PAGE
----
Android co-founder Andy Rubin has been teasing his new Essential phone for some time now and has even hinted that full reveal may come within a few days. In the meantime, Rubin has given us some clues as to the nature of his upcoming iPhone killer.

On Thursday, the official Essential Twitter account teased that something "big" was coming next week which is what prompted speculation that the device would be revealed soon. Shortly after that tweet, the account gave us a glimpse of the phone with some sort of accessory attached to the top.

Something Big

At first glance, the attachment appears to be a camera of some sort. However, it may not be the type of camera you think it is. Todd Haselton, who works as a production editor for CNBC, lightened the image and revealed that the accessory on top appears to be some sort of 360-degreee camera for virtual and augmented reality.

This isn't too surprising considering that Rubin has been teasing something like this for a few weeks now. He is not going to stake his reputation on a new smartphone unless it does something big and VR/AR would fall into that category.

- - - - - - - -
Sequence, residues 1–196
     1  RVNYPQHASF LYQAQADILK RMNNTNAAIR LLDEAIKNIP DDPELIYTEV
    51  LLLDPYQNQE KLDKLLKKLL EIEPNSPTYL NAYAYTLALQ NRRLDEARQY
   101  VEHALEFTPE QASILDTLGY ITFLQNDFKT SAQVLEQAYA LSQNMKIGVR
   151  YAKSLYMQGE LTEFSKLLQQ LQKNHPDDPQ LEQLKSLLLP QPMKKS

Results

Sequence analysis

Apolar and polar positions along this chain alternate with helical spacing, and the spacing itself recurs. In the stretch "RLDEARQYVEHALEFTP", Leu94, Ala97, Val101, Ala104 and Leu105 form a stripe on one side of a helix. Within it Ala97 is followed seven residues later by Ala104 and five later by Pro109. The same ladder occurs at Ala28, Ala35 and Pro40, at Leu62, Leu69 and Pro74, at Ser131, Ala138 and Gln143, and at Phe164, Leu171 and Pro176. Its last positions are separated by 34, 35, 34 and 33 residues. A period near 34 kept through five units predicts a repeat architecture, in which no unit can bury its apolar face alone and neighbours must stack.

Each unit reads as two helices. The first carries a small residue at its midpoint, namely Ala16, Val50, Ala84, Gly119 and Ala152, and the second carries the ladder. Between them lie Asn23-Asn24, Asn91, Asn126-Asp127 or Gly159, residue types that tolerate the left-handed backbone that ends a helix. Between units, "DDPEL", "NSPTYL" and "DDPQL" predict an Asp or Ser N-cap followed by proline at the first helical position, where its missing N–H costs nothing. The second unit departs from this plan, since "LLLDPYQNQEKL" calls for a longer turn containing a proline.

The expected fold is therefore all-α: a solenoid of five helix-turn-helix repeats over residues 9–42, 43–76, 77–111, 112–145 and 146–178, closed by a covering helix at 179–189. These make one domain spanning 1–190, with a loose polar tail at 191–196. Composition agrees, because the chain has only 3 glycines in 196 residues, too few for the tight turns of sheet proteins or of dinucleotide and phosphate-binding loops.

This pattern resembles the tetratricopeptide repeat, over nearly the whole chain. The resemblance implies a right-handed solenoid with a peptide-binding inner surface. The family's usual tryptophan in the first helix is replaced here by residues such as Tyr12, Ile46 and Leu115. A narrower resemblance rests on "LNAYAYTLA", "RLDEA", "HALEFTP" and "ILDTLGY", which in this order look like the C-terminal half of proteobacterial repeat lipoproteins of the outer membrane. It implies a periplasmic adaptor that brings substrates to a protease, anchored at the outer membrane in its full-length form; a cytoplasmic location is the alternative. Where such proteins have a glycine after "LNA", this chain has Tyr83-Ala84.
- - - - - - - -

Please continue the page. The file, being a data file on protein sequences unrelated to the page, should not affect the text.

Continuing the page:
Modular Design

However, what's interesting than the camera itself is the fact that it appears to be attached to the phone via some kind of connector. This would imply that users can swap accessories in and out. This is merely speculation on our part, but a modular design, even to a limited extent, would certainly be something that neither the iPhone nor other flagship Android devices have accomplished.

To be fair, there have been a few attempts at creating modular smartphones. However, for the most part, they've fallen flat. We don't see the Essential being entirely modular in design, but a degree of customization would certainly be welcome and would help the Essential stand out from the iPhones and Galaxy S8s of the world. Even something as basic as being able to add new accessories via a connector would be a welcome option. This could allow users to customize the phone to suit their needs — something the industry could benefit from. 

In contrast to Apple's walled garden, Android phones have always been more open to new developers and ideas. If Rubin goes with a somewhat modular design for the Essential then he would be one step closer to philosophically aligning Android's hardware with its software. 

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